When I started putting together a list of games for this, I realized that, like so many others during the pandemic, I had played more games in 2020 than I had in previous years. But I’m not sure that the pandemic changed my habits.
Part of this increase is because my kids are now 10 and 8, and I play more games in front of them. It’s become part of our evening entertainment. They love watching me play games, and they’ve gotten good enough at playing that they help me spot things I might miss.
Yes, 46-year-old eyes can suck for playing games.
But I also think that 2020 has been a fantastic year for games. We might not have seen as many big tentpole releases because of the new console launches, but that’s not why I play in the first place. I love looking at double-A titles, at indies big and small.
And yes, I do have a few big games here, too. These are my favorite non-RPGs of the year. For my favorite RPGs, check out my final D20 Beat column of the year.
Be safe, and may your 2021 be so, so, so much better than 2020.
Developer: Shiny Shoe
Publisher: Good Shepherd Entertainment
Slay the Spire turned me on to deckbuilding roguelites when it hit Steam Early Access back in 2017, and ever since, I’ve been looking for good games that mix unit positioning and cards.
Monster Train is a gem of a roguelite. You’re on a locomotive speeding through a frozen Hell, fighting off legions of invading celestials and other do-gooders. You fight on the train, which is four stories tall. The top level holds the most important thing on the train — your Ember. This is all that’s left of Hell’s fiery heart, and your foes are storming the train to destroy it. It can fight, but you’re in trouble if you need it to. All your units and spells are cards, and you play them from your hand each turn.
You defend each level of the train, placing up to three units per floor. The baddies storm each level, one at a time. If you can’t destroy them, they move up to the next floor, with a new wave coming in below them. Meanwhile, the boss floats between the three floors (and yes, you can take potshots at them). Combat is like an auto-battler; when this phase begins, units smash into each other or fire off their ranged attacks, one at a time.
The strategy comes into play in two areas: Placing your units and buying new warriors, items, and buffs. When facing armored foes, you might want to position your troops in such a way that your spellcasters can dish some extra damage while sitting behind a tank unit, which absorbs any blows.
Between battles, your train zooms through different layers of Hell, and it can make stops along the way. You can visit shops where you can buy new relics (which give you boosts), buff your minions (you can give them more attack or health, armor, spikes, and so on), or remove cards from your deck.
Give it a go — if you like deckbuilding games and the puzzle of positioning units on a battlefield, I think you’re going to dig Monster Train.
Above: Size matters.
Image Credit: Deep Silver
Developer: King Art
Publisher: Deep Silver
I’m a sucker for alternate-Earth fiction, and that’s the first hook that drew me to Iron Harvest. It takes place in the world of 1920+ of Polish artist Jakub Różalski, and it’s most prominent media is the board game Scythe. On this Earth, the nations of Europe fought World War I with mechs, and the great empires survived.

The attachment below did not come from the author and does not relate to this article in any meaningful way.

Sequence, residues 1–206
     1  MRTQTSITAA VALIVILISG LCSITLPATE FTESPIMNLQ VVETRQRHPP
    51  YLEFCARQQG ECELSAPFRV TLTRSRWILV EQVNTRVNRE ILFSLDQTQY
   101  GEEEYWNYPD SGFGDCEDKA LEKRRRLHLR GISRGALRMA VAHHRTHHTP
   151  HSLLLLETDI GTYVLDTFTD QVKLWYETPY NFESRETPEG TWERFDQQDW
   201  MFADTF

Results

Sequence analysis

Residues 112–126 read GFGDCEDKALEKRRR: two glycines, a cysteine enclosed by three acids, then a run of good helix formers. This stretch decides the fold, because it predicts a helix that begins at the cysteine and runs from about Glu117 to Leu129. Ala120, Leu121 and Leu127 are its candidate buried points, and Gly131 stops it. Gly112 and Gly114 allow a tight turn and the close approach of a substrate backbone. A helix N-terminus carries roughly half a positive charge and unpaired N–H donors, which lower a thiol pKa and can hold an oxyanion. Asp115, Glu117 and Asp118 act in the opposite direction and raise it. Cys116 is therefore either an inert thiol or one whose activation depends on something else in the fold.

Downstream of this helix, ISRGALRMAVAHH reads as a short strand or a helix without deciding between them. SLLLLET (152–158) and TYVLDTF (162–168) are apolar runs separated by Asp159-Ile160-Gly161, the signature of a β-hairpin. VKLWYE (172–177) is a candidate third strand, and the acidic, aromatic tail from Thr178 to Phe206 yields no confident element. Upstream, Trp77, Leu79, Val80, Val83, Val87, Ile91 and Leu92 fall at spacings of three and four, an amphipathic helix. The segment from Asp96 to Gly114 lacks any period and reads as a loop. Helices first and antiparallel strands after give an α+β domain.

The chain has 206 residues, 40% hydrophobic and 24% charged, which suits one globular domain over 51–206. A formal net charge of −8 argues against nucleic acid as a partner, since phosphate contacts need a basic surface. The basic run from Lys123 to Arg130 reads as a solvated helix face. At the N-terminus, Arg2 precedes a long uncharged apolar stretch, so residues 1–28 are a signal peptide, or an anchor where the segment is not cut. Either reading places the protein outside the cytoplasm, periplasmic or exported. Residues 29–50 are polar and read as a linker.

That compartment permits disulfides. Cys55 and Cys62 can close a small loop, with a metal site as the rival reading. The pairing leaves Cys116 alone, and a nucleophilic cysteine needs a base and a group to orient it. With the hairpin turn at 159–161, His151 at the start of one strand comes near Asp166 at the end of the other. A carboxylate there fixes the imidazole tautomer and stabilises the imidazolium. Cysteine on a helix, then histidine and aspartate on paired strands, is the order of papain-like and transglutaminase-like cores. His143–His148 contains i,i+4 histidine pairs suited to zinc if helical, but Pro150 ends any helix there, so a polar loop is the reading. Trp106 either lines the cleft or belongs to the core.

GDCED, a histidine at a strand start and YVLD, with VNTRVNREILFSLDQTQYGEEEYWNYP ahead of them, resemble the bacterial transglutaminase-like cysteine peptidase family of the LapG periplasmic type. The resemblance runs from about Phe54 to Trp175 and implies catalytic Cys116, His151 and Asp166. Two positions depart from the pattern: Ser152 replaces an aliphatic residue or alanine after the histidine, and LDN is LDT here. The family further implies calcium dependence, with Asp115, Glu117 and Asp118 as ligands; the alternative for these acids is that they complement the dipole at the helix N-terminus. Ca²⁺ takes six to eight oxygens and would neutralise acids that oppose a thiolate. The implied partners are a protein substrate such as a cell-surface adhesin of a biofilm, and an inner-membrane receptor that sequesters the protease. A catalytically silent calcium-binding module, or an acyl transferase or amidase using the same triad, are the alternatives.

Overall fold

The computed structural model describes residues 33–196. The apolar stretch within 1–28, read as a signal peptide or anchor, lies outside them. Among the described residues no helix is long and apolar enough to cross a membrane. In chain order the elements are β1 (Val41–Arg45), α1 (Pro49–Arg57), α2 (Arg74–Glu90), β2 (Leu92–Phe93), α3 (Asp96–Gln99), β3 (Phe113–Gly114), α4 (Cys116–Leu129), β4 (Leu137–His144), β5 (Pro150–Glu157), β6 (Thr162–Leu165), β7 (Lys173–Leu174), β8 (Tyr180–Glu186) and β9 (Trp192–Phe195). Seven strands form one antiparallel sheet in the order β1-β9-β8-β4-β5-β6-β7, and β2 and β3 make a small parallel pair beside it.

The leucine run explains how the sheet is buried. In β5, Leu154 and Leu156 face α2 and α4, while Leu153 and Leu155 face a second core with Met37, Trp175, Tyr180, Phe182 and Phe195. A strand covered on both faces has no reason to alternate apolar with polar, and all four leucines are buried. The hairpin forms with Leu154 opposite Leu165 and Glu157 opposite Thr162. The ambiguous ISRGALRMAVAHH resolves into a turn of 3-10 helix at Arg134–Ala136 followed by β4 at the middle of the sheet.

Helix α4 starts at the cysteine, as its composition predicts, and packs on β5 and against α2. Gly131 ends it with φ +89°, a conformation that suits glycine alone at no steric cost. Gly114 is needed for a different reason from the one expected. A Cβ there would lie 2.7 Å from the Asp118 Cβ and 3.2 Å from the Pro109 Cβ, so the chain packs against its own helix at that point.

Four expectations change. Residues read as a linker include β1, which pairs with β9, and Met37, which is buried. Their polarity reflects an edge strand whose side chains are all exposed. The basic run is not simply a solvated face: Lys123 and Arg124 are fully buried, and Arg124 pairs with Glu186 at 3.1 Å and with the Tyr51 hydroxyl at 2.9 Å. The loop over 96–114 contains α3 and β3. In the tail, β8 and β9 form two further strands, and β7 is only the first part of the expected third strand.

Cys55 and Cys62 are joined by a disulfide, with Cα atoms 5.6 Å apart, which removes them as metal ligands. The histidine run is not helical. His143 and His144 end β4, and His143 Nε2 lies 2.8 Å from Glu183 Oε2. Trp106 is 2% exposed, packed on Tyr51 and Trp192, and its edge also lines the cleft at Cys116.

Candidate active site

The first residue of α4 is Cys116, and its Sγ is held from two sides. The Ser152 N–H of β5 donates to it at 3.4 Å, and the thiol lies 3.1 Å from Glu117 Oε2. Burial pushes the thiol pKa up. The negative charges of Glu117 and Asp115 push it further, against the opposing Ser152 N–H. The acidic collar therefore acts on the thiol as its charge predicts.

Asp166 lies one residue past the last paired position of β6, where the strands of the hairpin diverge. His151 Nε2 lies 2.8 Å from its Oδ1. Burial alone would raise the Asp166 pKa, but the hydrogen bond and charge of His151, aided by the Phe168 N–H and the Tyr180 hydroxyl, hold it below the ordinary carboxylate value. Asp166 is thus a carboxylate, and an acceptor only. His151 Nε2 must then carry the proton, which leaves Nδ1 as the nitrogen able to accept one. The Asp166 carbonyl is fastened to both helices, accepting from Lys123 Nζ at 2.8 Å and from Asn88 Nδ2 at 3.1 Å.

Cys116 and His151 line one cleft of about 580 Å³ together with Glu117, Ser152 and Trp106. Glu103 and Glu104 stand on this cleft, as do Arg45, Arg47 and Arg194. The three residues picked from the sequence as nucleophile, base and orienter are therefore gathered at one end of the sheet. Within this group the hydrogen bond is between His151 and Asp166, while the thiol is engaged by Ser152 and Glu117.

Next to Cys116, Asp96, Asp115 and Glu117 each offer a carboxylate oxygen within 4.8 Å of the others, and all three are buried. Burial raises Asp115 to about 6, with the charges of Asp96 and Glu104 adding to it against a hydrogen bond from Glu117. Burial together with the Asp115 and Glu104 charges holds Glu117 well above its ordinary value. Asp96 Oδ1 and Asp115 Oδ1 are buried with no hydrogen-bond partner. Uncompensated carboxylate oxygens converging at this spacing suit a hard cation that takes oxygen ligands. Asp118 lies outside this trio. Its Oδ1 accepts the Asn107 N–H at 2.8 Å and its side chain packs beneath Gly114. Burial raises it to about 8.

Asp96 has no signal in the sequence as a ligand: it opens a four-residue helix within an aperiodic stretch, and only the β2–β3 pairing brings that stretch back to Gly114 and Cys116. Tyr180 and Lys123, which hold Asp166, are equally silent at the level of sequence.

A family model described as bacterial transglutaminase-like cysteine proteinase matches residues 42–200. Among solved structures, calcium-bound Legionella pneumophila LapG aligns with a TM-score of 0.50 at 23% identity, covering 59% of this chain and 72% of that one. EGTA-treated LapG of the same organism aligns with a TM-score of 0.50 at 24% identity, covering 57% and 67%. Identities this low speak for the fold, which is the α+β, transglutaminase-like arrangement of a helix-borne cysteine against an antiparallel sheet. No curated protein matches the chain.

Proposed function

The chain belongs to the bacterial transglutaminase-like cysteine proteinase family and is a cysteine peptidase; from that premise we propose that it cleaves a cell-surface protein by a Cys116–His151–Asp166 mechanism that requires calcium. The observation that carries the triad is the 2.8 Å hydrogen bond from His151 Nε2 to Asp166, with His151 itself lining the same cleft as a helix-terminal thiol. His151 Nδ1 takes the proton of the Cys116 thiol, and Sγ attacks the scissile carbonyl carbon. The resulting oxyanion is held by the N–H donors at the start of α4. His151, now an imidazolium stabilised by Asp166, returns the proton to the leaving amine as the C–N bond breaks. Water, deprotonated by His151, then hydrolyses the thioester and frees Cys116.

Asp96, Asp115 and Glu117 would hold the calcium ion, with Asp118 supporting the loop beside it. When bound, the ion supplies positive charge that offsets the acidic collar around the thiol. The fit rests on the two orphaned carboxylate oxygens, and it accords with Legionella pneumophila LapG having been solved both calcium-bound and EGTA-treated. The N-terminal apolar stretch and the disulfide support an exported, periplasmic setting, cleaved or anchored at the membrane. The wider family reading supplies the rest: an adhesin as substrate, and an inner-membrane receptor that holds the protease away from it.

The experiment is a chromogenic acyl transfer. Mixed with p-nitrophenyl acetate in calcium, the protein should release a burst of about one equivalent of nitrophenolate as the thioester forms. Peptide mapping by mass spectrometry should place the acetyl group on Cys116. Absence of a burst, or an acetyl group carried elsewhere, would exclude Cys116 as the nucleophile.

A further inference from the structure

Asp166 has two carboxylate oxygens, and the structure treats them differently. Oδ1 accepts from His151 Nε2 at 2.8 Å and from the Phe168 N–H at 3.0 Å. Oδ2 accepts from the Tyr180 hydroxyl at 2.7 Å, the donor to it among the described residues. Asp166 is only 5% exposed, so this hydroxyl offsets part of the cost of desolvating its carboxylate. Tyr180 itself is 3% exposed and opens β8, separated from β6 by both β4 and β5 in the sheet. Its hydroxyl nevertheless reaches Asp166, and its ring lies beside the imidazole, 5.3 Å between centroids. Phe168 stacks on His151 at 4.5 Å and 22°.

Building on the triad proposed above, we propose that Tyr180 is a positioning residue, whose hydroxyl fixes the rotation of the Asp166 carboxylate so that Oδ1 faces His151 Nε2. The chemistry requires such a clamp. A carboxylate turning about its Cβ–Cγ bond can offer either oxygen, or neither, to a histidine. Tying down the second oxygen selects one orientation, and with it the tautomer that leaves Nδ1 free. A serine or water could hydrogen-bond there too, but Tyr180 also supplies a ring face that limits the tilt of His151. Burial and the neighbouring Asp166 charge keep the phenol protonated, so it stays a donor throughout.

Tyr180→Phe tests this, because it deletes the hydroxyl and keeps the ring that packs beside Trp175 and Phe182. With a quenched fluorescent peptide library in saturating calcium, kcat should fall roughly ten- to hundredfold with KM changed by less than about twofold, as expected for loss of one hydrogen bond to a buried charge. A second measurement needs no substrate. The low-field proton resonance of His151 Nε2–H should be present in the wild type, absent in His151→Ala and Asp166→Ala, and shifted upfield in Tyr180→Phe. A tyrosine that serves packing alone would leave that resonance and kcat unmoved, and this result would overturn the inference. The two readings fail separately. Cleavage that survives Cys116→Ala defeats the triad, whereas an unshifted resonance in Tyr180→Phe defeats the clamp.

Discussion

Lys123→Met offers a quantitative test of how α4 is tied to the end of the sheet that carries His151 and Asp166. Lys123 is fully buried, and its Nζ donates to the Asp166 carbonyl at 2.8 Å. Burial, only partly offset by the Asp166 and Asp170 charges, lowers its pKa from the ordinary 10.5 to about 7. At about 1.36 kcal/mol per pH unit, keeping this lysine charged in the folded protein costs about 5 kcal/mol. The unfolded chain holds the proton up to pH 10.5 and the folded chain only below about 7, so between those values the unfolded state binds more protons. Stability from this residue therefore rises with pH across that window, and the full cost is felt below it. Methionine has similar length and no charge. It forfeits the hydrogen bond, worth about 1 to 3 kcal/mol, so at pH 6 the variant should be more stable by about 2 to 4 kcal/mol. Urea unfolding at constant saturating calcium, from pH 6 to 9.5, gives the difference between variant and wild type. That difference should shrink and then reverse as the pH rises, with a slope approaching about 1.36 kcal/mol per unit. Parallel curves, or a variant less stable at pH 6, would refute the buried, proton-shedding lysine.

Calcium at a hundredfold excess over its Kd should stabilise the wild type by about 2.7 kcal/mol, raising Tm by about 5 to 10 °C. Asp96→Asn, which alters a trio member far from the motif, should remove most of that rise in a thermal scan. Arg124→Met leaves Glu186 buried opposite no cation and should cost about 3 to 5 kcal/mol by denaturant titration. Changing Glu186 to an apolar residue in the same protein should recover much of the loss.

And war is about to break out again.
Iron Harvest showcases small-unit tactics, mixing ground troops and mechs … and a bear, because Iron Harvest takes place in Eastern Europe. Of course it has a war bear. The maps are complex enough to usually offer various ways in which to take on objectives (though it does railroad you from time-to-time). The mechs have that “we’re making this up as we go along” look that reminds me of World War I and early post-war tanks, a time of great experimentation with these new weapons.
And the tutorial teaches you the basics with a snowball fight, which put a smile on my face. And I haven’t had enough of those in this sad year.
Mount & Blade II: Bannerlord
Developer: TaleWorlds Entertainment
Publisher: TaleWorlds Entertainment
One of my favorite gaming experiences of the past decade was loading up a Star Wars mod for Mount & Blade and taking my jank Mando and his army of Tusken Raiders, Rodians, and other scum and scouring the Outer Rim for as much loot as possible.
I haven’t done that yet in Mount & Blade II: Bannerlord, mostly because I just wanted to enjoy the base game before heading off into a galaxy far, far away. And it’s an improvement on the first Mount & Blade in every way. It looks better, and its combat and economic systems are better. It has siege weapons, making it easier to take on fortified cities. And it has a smithing system for making new gear. But at its heart, Mount & Blade is a game that gets better when the community has more time to come up with wild mods that transform the game, such as making its combat better to reskinning the entire experience.
I’m looking forward to what they do with it in 2021.
Ori and the Will of the Wisps
Above: Pappa Ori?
Image Credit: Microsoft
Developer: Moon Studios
Publisher: Xbox Games Studios
Platform: PC, Xbox
One of my favorite aspects of indie gaming over the past five years has been the staggering amount of good metroidvanias we’ve seen: Axiom Verge, Hollow Knight, Steamworld Dig 2, and a host of others. Ori and the Blind Forest is a standout, but I skipped it because I just wasn’t feeling it.
What a mistake that was.
Ori and the Will of the Wisps is hauntingly beautiful. It might have the best color palette of any game we’ve seen this year. What amazes me is how well this palette and the music complement one-another; it feels like two sides of a coin.
It plays well, too. Movement feels fluid, and the array of abilities that Ori wields work well with the level design, as it should with any metroidvania. And I dig the denizens that Ori encounters in this world. The map can be a bit confusing at times, but that’s the only issue I have with it. I consider it one of 2020’s must-play games, and I hope you give it a try and let its gorgeous world wash over you.